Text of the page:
JOY, the Keynote of the Christian Message …
Living Words from John Paul II
Edited by Abraham A. van Kempen
Published Sunday, November 8, 2020
'Over Time We Come Together 2015' by Cassie Leatham (ABC Gippsland:Zoe Ferguson)
Each week we let Saint Pope John Paul II share meaningful signposts to spark socio-economic resolves through justice and righteousness combined with mercy and compassion; in short, love.
Greetings to you and all your friends and neighbors in rural Australia!2
My wish is that the Christian message may bring joy to all who open their hearts to it: "joy to children, joy to parents, joy to families and friends, joy to workers and scholars, joy to the sick and the elderly, joy to all humanity." I now add: "joy - deep and lasting joy - to the people of Australia."
Faith is our source of joy.
We believe in a God who created us so that we might enjoy human happiness - in some measure on earth, in its fullness in heaven. We are meant to have our human joys: the joy of living, the joy of love and friendship, the joy of work well done. Jesus teaches us what it means to be entirely happy and fully human.
Therefore, we discover joy when we discover the truth - the truth about God, our Father, the truth about Jesus, our Saviour, the truth about the Holy Spirit who lives in our hearts.
We do not pretend that life is all beauty. We are aware of darkness and sin, poverty, and pain.
But we know Jesus has conquered sin and passed through his pain to the glory of the Resurrection. And we live in the light of his Paschal Mystery - the mystery of his Death and Resurrection.
"We are an Easter People, and Alleluia is our song!". We are not looking for a shallow joy but rather a joy that comes from faith, that grows through unselfish love, that respects the "fundamental duty of love of neighbor, without which it would be unbecoming to speak of Joy." 1
Jesus lived in close contact with nature. His teaching is filled with references to nature and human life. He spoke of the shepherd and his flock, the net cast into the sea, the mustard seed, the lilies of the field, and so on. He even described his mission in the world as that of "the Good Shepherd." He compared his preaching to the work of a farmer going out to sow his seed.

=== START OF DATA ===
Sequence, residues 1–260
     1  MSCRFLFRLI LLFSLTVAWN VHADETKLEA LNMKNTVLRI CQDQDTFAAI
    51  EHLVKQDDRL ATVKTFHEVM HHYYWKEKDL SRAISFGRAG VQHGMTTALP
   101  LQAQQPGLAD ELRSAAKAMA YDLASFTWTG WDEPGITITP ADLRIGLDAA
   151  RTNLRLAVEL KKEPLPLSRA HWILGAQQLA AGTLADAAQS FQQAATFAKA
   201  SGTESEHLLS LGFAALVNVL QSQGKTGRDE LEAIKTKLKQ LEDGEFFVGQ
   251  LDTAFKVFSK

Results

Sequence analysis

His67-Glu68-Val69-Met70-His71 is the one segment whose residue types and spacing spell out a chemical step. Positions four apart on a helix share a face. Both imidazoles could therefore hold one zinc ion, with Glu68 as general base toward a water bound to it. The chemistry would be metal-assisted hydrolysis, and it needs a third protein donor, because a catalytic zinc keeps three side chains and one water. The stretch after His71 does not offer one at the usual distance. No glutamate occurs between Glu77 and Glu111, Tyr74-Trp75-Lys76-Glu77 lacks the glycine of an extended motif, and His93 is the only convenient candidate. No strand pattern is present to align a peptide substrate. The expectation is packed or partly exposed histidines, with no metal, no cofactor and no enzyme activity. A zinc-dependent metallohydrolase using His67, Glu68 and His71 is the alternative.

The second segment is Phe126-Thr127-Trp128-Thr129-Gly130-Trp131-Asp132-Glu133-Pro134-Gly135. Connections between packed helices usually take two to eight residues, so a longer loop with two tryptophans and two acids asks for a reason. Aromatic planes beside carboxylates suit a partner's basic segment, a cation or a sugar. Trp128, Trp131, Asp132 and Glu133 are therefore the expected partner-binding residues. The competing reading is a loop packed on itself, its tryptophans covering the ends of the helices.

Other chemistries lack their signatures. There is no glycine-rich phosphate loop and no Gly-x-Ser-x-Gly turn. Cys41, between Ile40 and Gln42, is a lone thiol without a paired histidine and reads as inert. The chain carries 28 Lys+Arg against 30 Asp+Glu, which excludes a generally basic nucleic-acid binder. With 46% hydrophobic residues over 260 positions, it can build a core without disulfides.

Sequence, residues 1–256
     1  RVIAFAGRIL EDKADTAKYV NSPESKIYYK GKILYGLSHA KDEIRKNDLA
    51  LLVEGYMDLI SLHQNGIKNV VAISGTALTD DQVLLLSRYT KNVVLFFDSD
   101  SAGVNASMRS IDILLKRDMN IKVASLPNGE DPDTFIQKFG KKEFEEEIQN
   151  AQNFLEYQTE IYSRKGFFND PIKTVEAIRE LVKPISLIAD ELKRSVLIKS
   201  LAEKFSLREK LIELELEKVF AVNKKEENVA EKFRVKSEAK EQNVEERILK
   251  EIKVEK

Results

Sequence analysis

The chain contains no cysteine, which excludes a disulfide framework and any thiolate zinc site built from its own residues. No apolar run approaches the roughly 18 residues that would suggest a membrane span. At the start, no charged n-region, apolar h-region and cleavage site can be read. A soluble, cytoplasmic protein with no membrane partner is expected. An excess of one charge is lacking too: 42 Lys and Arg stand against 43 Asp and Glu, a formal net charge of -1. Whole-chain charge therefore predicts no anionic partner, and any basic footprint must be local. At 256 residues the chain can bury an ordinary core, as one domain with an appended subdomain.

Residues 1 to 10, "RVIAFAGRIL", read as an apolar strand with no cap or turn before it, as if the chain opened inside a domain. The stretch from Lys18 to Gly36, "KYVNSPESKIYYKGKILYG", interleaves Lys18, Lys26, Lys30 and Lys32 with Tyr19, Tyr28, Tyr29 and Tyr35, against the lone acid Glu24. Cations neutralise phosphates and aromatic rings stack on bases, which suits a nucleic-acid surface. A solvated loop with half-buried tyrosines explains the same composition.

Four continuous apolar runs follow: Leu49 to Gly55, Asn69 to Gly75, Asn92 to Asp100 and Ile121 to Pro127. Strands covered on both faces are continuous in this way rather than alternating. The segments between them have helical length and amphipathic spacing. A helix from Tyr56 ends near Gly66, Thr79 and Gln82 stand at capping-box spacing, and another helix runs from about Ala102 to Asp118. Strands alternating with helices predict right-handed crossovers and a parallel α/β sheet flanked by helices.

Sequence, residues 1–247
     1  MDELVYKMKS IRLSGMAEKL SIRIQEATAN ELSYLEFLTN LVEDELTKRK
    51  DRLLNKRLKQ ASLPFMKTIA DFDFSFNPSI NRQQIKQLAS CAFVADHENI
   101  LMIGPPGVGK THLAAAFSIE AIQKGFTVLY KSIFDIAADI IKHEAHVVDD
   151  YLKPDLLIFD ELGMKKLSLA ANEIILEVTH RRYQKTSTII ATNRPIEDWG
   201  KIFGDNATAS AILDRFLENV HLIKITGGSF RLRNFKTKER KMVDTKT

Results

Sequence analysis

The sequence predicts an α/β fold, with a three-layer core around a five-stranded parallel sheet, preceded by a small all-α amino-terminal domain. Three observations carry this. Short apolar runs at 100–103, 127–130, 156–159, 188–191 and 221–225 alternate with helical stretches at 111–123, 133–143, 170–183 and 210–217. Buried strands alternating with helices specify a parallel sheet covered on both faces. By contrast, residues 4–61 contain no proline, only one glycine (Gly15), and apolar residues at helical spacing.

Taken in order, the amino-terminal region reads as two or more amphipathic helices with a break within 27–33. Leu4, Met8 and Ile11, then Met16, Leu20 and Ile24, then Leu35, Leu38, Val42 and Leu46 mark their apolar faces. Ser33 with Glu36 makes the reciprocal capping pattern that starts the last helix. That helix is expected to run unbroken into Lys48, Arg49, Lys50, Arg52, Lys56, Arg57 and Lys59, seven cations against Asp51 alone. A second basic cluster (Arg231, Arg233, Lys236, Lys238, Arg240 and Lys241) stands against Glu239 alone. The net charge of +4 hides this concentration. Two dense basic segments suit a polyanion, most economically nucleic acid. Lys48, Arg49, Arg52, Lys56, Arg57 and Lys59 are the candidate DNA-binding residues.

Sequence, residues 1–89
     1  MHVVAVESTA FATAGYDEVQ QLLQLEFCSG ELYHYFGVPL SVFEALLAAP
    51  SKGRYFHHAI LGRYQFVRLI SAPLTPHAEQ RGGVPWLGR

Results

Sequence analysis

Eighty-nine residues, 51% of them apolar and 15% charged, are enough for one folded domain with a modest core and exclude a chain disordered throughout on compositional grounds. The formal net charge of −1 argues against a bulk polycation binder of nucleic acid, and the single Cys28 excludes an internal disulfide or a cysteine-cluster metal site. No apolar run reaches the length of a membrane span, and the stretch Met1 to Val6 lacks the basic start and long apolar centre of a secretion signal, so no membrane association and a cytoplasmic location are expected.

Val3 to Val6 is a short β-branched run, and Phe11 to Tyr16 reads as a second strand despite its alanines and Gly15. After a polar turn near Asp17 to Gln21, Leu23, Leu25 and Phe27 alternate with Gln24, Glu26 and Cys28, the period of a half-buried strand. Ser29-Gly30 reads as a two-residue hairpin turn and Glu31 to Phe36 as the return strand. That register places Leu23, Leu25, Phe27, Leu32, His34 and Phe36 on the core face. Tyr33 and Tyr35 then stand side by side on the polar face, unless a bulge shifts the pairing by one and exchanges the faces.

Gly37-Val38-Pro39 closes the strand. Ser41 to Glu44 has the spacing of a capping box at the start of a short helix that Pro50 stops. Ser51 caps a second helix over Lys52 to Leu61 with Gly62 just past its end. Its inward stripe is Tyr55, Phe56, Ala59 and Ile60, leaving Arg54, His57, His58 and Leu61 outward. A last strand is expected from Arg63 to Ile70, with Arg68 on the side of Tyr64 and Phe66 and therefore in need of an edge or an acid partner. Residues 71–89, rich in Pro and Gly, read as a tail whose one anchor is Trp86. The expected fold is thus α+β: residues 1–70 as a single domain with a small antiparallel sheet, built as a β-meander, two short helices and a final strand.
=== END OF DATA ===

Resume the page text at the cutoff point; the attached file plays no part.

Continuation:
Your literature and your poetry speak of the spirit of fraternal cooperation and creativity which you enjoy. Indeed it has been said that adversity, droughts, and floods have never kept an "Aussie" down for long!
Your precious rural traditions deserve to be preserved and protected. They are also a cause for gratitude to God and generous openness to others.
In the Gospel, the Apostles suggest that he send the crowd away to find food and lodging. But Jesus does not follow their advice. Instead, he says: "Give them something to eat yourselves." This reply takes the Apostles by surprise, for they feel utterly inadequate to the task of feeding so many. Yet they heed his words and immediately follow the instructions that he gives.
In the Gospel story, Jesus took the loaves and fish, blessed them, and "handed them to his disciples to distribute among the crowd." The disciples' task was distribution. In our day, farmers collaborating with their Creator can produce enough food for everyone on earth. The fact that the food already available is still not reaching the starving millions is one of our age's greatest scandals. Such a grave imbalance calls for severe international economic adjustments and greater worldwide cooperation in food production and distribution.
In our modern world, where hunger remains a daily reality for millions of people, these words of our Lord retain their impact. For in faith, we know that he is repeating today the charge he gave to the Apostles: "Give them something to eat yourselves."
The problems associated with hunger in the modern world are ones that we must all face together.
"Let all things their Creator bless,
and worship him in humbleness;
O praise him, alleluia"! 2
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